As he testified in Ratko Mladic's defense, former head of the Bosnian Serb secret service Dragan Kijac refused to agree with the prosecutor that common goal of the leaderships in Serbia, Republika Srpska and the Republic of Serb Krajina was to establish a united state. The prosecutor showed him several exhibits including a video recording in which the accused says the goal of the fight is 'for all Serbs to be able to live in a single state'

Dragan Kijac, defence witness at Rako Mladic trialDragan Kijac, defence witness at Rako Mladic trial

After a week-long break, Ratko Mladic's defense case continued with the evidence of Dragan Kijac, who headed the State Security Department in the Republika Srpska interior ministry during the war. In 2013, Kijac testified in Radovan Karadzic's defense, which had to apply for a safe passage guarantee for him, to allow him to travel and not face the risk of arrest en route from Belgrade to The Hague and during his stay in the Netherlands on any indictments that may be issued against him in BH for war crimes. The public was not told whether the same guarantees had been sought and granted this time.

In a brief examination-in-chief, he spoke about two groups codenamed Tajfun and Milos, which functioned as intelligence units of the Bosnian police. The former provided reports to President Karadzic, while the later sent reports to the Serbian State Security Service. When the groups started acting independently, they were disbanded. To the very end of the cross-examination the witness remained adamant that a number of prosecution exhibits admitted as Bosnian Serb intelligence reports were not authentic.

As he was questioned by defense counsel Lukic about the collaboration between Republic of Serbia and Republika Srpska during the war, Kijac said there had been ups and downs in the political sphere, but that the services 'did their job professionally'. In the cross-examination, prosecutor Traldi told the witness that the military, police and politicians worked hand in hand throughout the war; the goal of their efforts was to unite parts of BH (Republika Srpska) and Croatia (Republic of Serb Krajina) with Serbia.

He first showed a photograph taken in 1995 in Bijeljina, according to the witness, depicting a meeting of the police officials and politicians of all three entities. Stojan Zupljanin, a police official from Republika Srpska, sits on a couch side by side with Momcilo Krajisnik, the RS assembly speaker, the heads of the Serbian secret service Jovica Stanisic and Franko Simatovic and the president of the Republic of Serb Krajina Milan Martic. Kijac stands behind them. Asked if all those people shared the same goal during the war, the witness said it was hard for him to say it.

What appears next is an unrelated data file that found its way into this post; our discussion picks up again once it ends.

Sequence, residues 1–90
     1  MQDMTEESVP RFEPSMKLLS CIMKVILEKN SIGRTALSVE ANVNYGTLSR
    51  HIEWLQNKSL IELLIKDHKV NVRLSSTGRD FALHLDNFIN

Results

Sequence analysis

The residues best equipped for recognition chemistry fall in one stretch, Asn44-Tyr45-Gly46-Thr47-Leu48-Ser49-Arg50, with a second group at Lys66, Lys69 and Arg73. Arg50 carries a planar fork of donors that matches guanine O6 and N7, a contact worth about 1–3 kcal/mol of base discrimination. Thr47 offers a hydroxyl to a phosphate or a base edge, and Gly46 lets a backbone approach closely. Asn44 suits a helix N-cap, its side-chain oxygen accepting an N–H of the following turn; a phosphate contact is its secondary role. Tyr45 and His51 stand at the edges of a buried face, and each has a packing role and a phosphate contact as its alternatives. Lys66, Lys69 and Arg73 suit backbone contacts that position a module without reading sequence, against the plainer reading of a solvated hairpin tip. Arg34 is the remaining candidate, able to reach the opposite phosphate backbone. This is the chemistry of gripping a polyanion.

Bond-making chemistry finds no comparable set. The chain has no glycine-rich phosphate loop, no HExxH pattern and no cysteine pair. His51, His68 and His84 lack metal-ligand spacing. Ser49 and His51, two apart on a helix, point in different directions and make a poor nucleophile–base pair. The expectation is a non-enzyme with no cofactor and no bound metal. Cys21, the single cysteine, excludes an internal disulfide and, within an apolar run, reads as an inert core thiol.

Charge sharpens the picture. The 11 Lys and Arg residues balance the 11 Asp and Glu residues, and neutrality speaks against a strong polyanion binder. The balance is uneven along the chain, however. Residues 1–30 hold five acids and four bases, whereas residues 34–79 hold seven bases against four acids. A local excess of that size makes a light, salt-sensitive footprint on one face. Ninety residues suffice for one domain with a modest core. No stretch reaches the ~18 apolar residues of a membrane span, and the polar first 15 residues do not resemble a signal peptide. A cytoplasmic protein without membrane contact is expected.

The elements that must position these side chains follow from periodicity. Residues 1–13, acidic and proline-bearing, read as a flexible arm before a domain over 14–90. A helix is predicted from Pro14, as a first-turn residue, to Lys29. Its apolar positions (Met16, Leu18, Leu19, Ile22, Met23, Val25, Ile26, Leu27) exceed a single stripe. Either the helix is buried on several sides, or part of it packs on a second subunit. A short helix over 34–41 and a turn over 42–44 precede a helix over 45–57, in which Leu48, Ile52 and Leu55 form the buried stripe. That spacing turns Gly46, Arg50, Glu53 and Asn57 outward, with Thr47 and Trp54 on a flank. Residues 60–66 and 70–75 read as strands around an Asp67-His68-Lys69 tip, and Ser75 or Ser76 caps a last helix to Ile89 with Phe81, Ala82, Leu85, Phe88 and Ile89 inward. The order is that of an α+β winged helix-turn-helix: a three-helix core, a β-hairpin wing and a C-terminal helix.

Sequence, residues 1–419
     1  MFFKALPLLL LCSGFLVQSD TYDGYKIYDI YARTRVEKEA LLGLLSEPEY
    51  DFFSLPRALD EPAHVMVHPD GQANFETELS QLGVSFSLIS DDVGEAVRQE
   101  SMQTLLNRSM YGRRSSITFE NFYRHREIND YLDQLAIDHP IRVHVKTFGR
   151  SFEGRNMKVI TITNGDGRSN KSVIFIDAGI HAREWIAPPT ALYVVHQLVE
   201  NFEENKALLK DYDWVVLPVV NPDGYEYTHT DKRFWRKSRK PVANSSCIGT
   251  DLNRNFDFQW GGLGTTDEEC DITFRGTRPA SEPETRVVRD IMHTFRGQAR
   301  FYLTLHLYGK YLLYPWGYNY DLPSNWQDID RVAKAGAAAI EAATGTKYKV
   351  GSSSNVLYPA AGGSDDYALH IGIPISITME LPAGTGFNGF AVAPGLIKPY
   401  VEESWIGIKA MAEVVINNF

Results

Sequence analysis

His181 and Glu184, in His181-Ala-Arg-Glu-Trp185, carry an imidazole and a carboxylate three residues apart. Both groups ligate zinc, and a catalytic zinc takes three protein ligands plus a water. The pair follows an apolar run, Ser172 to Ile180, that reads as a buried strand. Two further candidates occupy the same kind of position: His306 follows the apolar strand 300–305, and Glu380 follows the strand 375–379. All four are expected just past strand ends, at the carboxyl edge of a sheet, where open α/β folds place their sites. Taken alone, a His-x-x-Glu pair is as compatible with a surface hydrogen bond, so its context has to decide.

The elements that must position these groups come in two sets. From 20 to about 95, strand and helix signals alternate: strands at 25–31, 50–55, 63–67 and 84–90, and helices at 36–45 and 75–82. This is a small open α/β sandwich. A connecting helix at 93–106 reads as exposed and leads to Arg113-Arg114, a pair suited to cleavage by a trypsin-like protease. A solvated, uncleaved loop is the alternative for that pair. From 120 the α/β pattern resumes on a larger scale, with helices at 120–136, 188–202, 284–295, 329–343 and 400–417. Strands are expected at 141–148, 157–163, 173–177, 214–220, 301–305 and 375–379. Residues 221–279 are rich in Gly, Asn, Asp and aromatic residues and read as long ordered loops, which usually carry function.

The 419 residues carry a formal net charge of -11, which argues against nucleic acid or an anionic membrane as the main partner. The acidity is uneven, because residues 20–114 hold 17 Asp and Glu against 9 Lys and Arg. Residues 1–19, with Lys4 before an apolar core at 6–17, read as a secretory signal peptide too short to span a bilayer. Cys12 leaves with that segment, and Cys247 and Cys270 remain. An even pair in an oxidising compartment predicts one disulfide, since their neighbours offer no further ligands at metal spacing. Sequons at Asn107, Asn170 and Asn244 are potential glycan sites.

The prosecutor presented several pieces of evidence in support of the argument that the leaders in the three entities shared a common goal - the unification of the Serb state. The first is a letter sent by Jovica Stanisic to the Serbian interior ministry on 5 July 1994, in which he states that 'the decisive stage of the struggle to realize the common goals of all Serbs lands' is about to begin. The second is a New Year's message from Milan Martic to Radovan Karadzic, in which Martic says that in the previous year, 1994, there had been 'efforts to achieve the unification of the Serb state'. As the cross-examination continued, the prosecution showed a video tape in which Ratko Mladic talks to Karadzic and Koljevic and says that the goal was 'for all Serbs to be able to live in a single state.' The recording was admitted into evidence. Kijac never denied that the Serbian top leaders made such statements during the war, but said he could not tell 'what they really thought'.

As the hearing drew to a close, the discussion focused on Zeljko Raznatovic Arkan. Asked if Arkan was indeed a notorious criminal, the witness said he would prefer to call him 'a person of interest to the security services'. The prosecutor then showed him a video recorded by a French TV crew in which Arkan says 'we will not take any prisoners any more': he and his men will 'kill all the Fascist soldiers we catch'. The prosecution alleges that Arkan was invited to come to Bijeljina and Zvornik by Biljana Plavsic; the witness denies this, saying that on arrival in BH he was in touch with Fikret Abdic and other people in the Presidency of the Republic. The prosecutor showed an entry from Mladic's war diary for 22 September 1995, where the accused notes that at a meeting attended by Kijac, General Manojlo Milovanovic said that 300 Arkan's men had been attached to the Republika Srpska interior ministry. The witness claims this was not within his remit. He did not know that Radovan Karadzic had decorated Zeljko Raznatovic on 30 May 1996.

Tomorrow the defense will call another witness. Kijac's cross-examination will continue the day after tomorrow.